Thanks for the Testimony

1 Thess chapters 1-4

Paul is writing to a church that he established in 3 weeks amid much tribulation and conflict. In Acts 17 we find the story of Paul’s missionary work among the Thessalonians, this on the heels of the problems at Philippi. We must remember that Paul wanted to go to some different areas on his 2nd missionary journey, but was prevented by the Holy Spirit. The Macedonian Call compelled him to go to the cities of Philippi, Berea, Athens and Thessalonica.  Even though there was great struggle with the Jewish religious leaders, Paul and the new church were able to get strides to propagating the Gospel to nearby communities. As a side note, I wondered how I would be if I was confronted with so much opposition every time I tried to do the Lord’s work? Would I stay the course or would I say I have had enough of this – I’m tired of the garbage and walk away – I hope I would have the where with all to stay the course.

Even though this young church had hardship at the beginning, their faith and testimony has spread to other regions. Their testimony was well established. There isn’t any greater testimony for a pastor or minister than to know the labor among the people/church wasn’t in vain. The proof of the ministry is the obedient lives of those we have nurtured.

Paul makes his case before the church in how he came to them, not with flattery words and malice for gain but with a sincere heart and love for the lost. Paul continually praises the church for their faithfulness and holy witness. He also tells them to go one to more, even as they have walked, he ask them to walk “straighter” before the lost in conduct [2:12]. Paul wanted them to have holy lives, so that their testimony wouldn’t be stained, nor the Gospel be brought reproach. Now this church was already doing/living a great testimony – Paul challenged them to accomplish more. No because Paul wanted to get the glory, but because the great need for holiness among the Gentiles. The Thessalonians were experiencing trials, persecution from their own countrymen, yet they were found faithful – this is a lesson we in America need to learn. Even though the American society seems to be breaking down in to a great immoral society – we that are believers must still shine and salt the world with our presence.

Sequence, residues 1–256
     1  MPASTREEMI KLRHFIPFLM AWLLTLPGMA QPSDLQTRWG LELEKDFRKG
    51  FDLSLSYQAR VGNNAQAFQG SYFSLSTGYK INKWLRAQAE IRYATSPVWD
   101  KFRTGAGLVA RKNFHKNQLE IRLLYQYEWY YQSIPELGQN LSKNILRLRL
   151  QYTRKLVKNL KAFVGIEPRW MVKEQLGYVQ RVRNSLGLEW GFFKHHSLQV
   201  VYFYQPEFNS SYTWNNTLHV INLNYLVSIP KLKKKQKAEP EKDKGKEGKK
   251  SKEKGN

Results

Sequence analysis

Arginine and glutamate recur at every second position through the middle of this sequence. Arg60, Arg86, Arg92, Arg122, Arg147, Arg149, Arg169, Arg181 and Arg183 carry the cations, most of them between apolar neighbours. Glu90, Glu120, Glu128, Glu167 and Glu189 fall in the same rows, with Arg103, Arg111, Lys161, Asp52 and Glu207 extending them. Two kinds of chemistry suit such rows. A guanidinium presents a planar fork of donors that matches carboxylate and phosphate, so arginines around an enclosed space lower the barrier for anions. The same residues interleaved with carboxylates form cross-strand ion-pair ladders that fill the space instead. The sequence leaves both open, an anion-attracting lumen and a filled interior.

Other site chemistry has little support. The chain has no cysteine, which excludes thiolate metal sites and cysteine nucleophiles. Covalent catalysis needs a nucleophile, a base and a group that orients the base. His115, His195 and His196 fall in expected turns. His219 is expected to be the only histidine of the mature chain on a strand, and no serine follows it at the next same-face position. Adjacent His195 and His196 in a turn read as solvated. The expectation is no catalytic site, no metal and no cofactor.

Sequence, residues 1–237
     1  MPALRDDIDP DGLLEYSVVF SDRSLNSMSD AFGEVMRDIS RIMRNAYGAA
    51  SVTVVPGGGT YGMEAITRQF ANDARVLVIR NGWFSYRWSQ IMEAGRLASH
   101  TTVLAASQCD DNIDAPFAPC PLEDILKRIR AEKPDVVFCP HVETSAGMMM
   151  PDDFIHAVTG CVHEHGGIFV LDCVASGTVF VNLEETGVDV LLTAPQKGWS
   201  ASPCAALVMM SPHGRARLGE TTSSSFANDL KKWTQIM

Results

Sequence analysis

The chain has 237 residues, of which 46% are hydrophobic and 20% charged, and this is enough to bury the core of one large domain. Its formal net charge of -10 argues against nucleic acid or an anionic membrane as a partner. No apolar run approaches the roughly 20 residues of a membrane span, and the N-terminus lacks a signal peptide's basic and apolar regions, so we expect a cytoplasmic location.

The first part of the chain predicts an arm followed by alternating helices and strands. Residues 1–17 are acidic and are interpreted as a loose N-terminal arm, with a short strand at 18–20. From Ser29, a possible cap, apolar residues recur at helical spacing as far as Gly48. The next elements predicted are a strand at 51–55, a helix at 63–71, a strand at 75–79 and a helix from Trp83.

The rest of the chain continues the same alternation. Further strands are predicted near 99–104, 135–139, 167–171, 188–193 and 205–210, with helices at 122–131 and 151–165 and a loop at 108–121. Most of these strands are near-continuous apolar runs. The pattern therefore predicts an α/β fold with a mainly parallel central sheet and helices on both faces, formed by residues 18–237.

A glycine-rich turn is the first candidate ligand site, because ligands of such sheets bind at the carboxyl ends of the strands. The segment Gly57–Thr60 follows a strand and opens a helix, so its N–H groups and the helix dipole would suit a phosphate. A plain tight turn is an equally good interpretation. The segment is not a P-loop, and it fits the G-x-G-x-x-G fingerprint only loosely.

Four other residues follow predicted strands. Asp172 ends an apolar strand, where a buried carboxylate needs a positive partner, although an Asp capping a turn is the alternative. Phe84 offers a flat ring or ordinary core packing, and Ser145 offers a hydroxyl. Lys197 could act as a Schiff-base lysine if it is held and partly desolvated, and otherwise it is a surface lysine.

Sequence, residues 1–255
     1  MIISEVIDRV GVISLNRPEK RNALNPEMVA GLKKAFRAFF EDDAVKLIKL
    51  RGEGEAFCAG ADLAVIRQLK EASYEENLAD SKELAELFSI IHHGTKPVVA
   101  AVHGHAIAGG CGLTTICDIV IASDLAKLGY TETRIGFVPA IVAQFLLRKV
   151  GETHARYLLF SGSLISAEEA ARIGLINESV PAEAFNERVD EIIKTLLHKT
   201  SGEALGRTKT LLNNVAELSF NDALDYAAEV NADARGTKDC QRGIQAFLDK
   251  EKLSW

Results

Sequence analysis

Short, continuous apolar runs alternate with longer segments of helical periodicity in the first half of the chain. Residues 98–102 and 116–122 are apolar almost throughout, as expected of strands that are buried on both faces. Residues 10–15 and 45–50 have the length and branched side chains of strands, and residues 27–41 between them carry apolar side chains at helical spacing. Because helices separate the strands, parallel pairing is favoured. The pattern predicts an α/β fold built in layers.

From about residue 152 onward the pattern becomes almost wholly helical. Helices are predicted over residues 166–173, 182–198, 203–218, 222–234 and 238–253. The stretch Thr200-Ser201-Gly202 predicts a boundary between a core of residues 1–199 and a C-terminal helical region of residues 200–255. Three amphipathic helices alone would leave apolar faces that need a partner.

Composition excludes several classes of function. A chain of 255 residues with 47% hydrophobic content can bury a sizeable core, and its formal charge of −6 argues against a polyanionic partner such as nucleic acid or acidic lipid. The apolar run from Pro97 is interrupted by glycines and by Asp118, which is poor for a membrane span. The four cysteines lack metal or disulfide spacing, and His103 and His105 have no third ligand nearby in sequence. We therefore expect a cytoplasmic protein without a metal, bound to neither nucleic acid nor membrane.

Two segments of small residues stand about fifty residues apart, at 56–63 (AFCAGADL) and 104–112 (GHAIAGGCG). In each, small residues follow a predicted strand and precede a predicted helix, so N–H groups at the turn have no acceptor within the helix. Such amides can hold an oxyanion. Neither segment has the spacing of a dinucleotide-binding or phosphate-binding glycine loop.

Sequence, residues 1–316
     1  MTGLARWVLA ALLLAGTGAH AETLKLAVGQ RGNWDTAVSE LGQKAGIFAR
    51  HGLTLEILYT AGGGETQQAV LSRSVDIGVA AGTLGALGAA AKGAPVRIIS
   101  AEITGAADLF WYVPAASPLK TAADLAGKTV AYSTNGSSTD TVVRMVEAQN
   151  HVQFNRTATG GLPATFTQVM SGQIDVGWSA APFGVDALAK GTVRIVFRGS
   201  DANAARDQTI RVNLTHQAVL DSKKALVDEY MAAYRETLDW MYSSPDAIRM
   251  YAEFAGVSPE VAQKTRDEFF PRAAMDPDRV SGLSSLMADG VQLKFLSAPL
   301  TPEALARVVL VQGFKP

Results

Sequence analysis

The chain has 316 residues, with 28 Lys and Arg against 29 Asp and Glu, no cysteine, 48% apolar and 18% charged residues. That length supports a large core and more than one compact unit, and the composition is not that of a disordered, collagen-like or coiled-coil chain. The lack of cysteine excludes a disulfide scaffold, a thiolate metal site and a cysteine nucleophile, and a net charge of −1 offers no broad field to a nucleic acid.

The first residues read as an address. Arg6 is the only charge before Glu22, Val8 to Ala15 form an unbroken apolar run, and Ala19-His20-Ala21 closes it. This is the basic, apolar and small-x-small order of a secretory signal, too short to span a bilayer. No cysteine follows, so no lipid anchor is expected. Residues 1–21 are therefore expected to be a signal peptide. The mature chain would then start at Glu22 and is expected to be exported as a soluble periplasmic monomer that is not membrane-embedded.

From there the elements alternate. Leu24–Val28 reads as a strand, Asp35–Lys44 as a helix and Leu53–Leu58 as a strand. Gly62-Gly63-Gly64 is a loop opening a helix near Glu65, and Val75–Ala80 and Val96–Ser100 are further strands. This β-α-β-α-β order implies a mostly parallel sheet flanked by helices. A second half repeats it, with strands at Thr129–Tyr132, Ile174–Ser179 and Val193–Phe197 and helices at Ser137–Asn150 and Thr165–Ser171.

From the language of this letter it is easy to sense the heartfelt love Paul has for this church. He longs to be with them, so to fellowship and lift them up. Sometimes the things we desire have to wait until the timing it right. In 1 Tess. 2:19, a great verse reflects a scene in Heaven one day; how that all the lives we have had an influence on will stand in the crowd of believers, and can take great joy in seeing them there before the Father!

In chapter 3 Paul continues his explanation of why He hasn’t been there, the Satanic tactics and the resistance to the Gospel. But even though Paul and his team may be missing, they were there in spirit and prayer. In this letter we capture a premise that seems to be lost in today’s Christian Living – the expectation that people are going to live righteously and godly. Accountability for the way we live the Believers’ life is so important for our witness and testimony to be valid.  In chapter 4, Paul repeats himself in asking the church “to excel more” in what they are doing. In verse 2-7, Paul uses the word sanctification – this denotes a separation, but also a maturation of the believer. Elsewhere Paul says we are to no longer to walk like children tossed to and fro, but to be built up in the faith.

The last part of chapter 4:13-18, is a passage that finds itself quoted during funerals as a means of hope. The Blessed Hope of Christ return is a hope we all need, especially when faced with deathly opposition. This world isn’t all there is; but this world determines all that there is hereafter. We are to be comforted that our labor and suffering are not in vain, keeping a pure uncorrupted testimony of faith for ourselves, and those who have suffered in bringing us to God.

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